Herpetic meningoencephalitis in the elderly. Apropos of 13 cases
La Revue de médecine interne
P JouannyP Canton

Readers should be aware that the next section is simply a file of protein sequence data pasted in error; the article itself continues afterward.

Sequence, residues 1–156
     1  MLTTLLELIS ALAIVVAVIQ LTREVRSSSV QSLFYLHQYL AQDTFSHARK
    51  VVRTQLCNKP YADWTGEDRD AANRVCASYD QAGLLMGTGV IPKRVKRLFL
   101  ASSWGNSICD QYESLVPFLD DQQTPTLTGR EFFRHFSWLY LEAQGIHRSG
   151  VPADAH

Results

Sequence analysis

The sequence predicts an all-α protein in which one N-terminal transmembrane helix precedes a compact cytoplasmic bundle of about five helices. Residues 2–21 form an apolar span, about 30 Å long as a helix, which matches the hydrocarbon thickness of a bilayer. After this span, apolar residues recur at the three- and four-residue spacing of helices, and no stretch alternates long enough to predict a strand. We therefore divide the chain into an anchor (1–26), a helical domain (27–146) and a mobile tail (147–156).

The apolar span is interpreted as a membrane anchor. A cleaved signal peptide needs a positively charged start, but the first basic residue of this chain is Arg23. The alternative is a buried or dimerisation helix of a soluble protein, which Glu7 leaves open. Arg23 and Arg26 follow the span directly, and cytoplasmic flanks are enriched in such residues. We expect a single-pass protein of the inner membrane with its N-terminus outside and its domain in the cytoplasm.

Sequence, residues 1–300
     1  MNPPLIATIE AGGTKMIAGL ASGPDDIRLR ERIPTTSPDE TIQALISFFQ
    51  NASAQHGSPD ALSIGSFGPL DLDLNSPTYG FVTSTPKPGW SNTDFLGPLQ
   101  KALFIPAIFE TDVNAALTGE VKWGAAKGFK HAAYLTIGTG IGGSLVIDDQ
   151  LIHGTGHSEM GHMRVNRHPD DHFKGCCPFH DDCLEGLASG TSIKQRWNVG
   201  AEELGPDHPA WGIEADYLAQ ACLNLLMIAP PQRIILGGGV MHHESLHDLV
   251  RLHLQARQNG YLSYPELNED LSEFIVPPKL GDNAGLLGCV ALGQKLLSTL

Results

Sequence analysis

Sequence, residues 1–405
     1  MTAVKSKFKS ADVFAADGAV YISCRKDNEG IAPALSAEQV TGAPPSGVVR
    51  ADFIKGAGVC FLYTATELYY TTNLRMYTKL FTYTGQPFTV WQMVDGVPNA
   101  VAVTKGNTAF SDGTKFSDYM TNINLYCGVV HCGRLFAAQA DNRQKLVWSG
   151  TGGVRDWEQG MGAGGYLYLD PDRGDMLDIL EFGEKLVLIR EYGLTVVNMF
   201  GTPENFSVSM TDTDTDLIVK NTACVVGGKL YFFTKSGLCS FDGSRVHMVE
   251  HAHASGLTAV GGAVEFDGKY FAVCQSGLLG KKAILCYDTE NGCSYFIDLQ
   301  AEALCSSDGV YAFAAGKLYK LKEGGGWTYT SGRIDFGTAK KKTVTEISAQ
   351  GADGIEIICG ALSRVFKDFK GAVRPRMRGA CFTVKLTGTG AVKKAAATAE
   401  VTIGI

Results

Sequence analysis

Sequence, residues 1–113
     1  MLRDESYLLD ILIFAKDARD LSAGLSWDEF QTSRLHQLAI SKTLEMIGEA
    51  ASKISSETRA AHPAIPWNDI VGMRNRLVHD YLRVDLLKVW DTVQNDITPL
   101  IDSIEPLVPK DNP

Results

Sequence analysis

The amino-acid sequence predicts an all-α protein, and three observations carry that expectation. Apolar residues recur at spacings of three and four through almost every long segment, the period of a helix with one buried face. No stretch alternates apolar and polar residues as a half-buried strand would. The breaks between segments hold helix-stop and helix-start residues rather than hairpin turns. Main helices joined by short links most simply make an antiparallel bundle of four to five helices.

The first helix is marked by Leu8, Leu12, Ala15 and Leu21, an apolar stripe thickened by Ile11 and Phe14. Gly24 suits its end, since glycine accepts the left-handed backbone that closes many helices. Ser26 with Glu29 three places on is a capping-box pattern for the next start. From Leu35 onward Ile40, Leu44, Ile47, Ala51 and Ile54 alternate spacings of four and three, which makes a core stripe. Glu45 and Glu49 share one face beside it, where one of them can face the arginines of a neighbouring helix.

In a retrospective analysis of 13 cases of Herpes simplex encephalitis (mean age: 67.2 +/- 6.4 years; ten women, three men), the authors conclude that this infection is more often due to Herpes simplex virus 1 in the elderly. Diagnosis is difficult at an early stage, and must be suspected in case of confusion (9/13), especially feverish (11/13), associated with neurological signs (10/13), and particularly epilepsy (5/13). It requires a lumbar puncture which collect a clear and lymphocytic fluid. Prognosis of this encephalitis depends on early diagnosis and an presumptive therapy with acyclovir. EEG is helpful showing periodic activity (10/13). CT scan and MRI can show unspecific abnormalities, but often too late. Laboratory findings will secondarily confirm the diagnosis quite frequently, using new Elisa methods. Polymerase chain reaction allows earlier diagnosis. Geriatric cases seem more often due to reinfection or to endogen virus reactivation rather than to primary infection.